In the embodiment selected for purposes of illustration the cooling cover assembly 10 is applied to an actuator of the harmonic drive type. As more fully disclosed in United States Letters Patent No. 2,906,143, issued September 29, 1959, in the name of C. Walton Musser, for instance, a harmonic drive may include three basic, coaxial elements, namely: a wave generator herein generally designated 12, a flexspline 14 which may be of cup-shaped configuration, and a rigid circular spline 16, in this case internally formed integrally with a stationary housing 18. As shown in FIG. 1 these elements constitute a speed reducer the input to which is, in this instance, by means ot a shaft 20. The wave generator 12 consists, for example, of an elliptoidal cam 22 keyed on the shaft 20, and a wave generator ball bearing 24 designed to impart to the open or spline-carrying end of the flexspline 14 the shape of the cam 22 and to generate a circumferential wave of radial deflection. Accordingly, the reaction or circular spline 16, which normally will have two (-or a multiple thereof) more spline teeth than those of the flexspline 14, is caused to be engaged thereby at progressive diametrical localities, and output at reduced speed is via the flexspline to an output shaft 26 one end of which serves coaxially to journal the inboard end of the input shaft 20.
In the operation of any device under load, and specifically in the function of a bearing, for example the bearing 24, heat is given off as work is performed. As is well known, if the heat is not dissipated fast enough, destructively high temperature build-up may ensue. Provision of a lubrication system of some suitable type, for instance an oil sump as indicated at 28, is helpful if not essential. When despite the use of lubricant, an operating unit, because of the degree of load or otherwise, genenates excessive heat to be removed the added simple cooling cover assembly 10 afforded by this invention has been found both safe and reliably eflective.
It will be understood that the cover assembly 10 is preferably mounted as close to the heat source, whether friction and/or otherwise, as circumstances will reasonably permit. As shown in FIG. 1 the assembly comprises a generally irnperfonate end cap or diffuser cover 30 having external, radially extending fins or ribs 32 forming 'circumferentially spaced channels or ducts 34 which emanate from a shallow, circular recess 36. Bolts 37 extending through the cover secure it to the housing 18. The cover 30 is axially bored to receive a bearing 38 for the shaft 20, and a one-piece fan 40 is operatively nestled Within the recess 36, a hub of the fan receiving a setscrew 42 engaging the shaft 20. Referring to FIGURE 1, an external face 44 of the fan is even with surrounding external portions of the ribs 32 and is substantially flat to avoid the possibility of its causing injury or snagging clothing and the like. Preferably the external face 44 includes concentric annular portions 46, 48. These are connected by radial blades 50 the exposed, short mid portions of which have rounded edges and, together with the portions 46, 48, define circularly arranged intake vents 52 (FIG. 2). As will be apparent from the arrows indicated in -FIG. 1, a cooling fluid such as air will be impelled radially outward through the ducts 34 to cool the cover 30 as axially enlarged outer paddle portions 54 of the respective blades rotate within the recess 36. With the shaft 20 bi-directional, preferably the blades are straight, not canted, and normal to the exteml face of the cover 30, the fan 40 thus being bi-directional [and equally effective in clockwise or counter-clockwise rotation.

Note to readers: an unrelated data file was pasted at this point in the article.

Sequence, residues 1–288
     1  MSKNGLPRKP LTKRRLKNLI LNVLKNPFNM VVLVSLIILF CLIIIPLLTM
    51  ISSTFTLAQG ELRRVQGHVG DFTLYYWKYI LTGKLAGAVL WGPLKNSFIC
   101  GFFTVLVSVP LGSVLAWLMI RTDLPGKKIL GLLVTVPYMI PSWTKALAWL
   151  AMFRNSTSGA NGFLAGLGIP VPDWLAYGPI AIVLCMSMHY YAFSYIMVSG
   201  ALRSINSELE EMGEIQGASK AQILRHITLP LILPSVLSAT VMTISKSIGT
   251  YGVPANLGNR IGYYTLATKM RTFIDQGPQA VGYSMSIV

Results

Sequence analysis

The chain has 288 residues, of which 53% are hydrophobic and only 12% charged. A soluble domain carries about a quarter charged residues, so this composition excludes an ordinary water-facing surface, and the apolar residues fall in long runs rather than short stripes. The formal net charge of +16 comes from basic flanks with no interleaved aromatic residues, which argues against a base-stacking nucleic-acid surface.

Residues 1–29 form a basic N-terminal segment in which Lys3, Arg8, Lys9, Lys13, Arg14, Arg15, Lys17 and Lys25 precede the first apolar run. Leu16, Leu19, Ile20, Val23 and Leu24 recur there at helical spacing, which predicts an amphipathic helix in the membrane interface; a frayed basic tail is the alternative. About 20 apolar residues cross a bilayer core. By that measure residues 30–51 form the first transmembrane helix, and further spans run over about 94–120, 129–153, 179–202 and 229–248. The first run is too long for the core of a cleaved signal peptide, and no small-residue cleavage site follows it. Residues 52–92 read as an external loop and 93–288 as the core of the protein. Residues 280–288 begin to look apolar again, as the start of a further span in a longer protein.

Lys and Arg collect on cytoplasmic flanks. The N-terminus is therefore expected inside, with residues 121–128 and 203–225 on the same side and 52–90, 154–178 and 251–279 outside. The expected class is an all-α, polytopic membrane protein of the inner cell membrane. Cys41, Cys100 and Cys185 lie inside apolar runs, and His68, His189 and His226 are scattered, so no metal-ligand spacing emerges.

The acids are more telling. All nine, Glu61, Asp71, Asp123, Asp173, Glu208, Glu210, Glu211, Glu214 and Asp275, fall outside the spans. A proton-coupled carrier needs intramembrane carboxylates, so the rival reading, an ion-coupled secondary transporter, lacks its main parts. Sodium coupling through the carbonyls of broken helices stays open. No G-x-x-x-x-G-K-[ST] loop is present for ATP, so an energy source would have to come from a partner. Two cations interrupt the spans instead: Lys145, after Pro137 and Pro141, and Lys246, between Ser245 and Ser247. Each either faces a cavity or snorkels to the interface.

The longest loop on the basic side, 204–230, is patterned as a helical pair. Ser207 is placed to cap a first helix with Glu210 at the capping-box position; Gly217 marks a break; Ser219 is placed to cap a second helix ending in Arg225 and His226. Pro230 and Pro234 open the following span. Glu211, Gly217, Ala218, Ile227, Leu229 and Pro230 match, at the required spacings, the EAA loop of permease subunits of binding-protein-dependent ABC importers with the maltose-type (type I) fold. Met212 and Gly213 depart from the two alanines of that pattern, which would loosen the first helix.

From the foregoing it will be understood that cooling fluid such as air continually enters the cover recess 36 axially through the vents 52 and is forced radially outward by the blades 50 thus convectionally removing heat during its passage in contact with the cover 30. The latter serves to retain the lubricant while cooling it and the interior of the housing 18, and is preferably of a good heat conducting material such as aluminum. The fan 40 may be of a suitable light weight material, for instance aluminum or a plastic such as nylon. The simplicity, safety and reliability of the assembly have proven advantageous in cooling regardless of its orientation; precaution is taken that the bearing 38 is suitably sealed when necessary. Effectiveness of the assembly 10 in connection with speed reducers of the type shown, for example, has enabled larger output torque ratings to be assigned given sizes of housings. Moreover the inexpensive cover assembly does not restrict cascading within gear boxes or flange-mounted motors; it need cause no redesign of commonly used or preexisting lubricating systems. It will be appreciated that the cooling cover assembly 10 need not necessarily, in other applications of the invention, be mounted on an input member such as the shaft 20, or on a rotary output member of the device to be cooled, but may be mounted in any selected position and have operative connection to any available source of rotary power. If an independent power source is utilized for operating the fan 40, the cover 30 need not be axially bored. In another and different application of the invention, that of explosion-proof electric motors for example, where no lubricating sump is provided but heat from within must be dispelled, cooling may be advantageously effected by mounting at one or both axial ends a cover assembly 10 thus eliminating the need for external protective shrouds which are ordinarily required.